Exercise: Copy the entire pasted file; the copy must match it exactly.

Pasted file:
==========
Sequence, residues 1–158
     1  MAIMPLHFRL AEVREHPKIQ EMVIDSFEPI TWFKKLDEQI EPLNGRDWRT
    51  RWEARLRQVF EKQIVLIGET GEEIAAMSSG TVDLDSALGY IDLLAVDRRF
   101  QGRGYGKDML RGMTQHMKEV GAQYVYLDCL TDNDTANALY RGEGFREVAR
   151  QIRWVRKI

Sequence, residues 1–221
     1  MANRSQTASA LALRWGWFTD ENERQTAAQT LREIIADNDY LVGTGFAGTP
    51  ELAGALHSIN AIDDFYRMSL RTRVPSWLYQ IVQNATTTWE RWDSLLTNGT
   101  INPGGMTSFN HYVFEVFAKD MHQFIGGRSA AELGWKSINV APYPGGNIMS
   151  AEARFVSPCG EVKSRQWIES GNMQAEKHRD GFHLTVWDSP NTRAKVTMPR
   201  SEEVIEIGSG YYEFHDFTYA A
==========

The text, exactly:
Sequence, residues 1–158
     1  MAIMPLHFRL AEVREHPKIQ EMVIDSFEPI TWFKKLDEQI EPLNGRDWRT
    51  RWEARLRQVF EKQIVLIGET GEEIAAMSSG TVDLDSALGY IDLLAVDRRF
   101  QGRGYGKDML RGMTQHMKEV GAQYVYLDCL TDNDTANALY RGEGFREVAR
   151  QIRWVRKI

Sequence, residues 1–221
     1  MANRSQTASA LALRWGWFTD ENERQTAAQT LREIIADNDY LVGTGFAGTP
    51  ELAGALHSIN AIDDFYRMSL RTRVPSWLYQ IVQNATTTWE RWDSLLTNGT
   101  INPGGMTSFN HYVFEVFAKD MHQFIGGRSA AELGWKSINV APYPGGNIMS
   151  AEARFVSPCG EVKSRQWIES GNMQAEKHRD GFHLTVWDSP NTRAKVTMPR
   201  SEEVIEIGSG YYEFHDFTYA A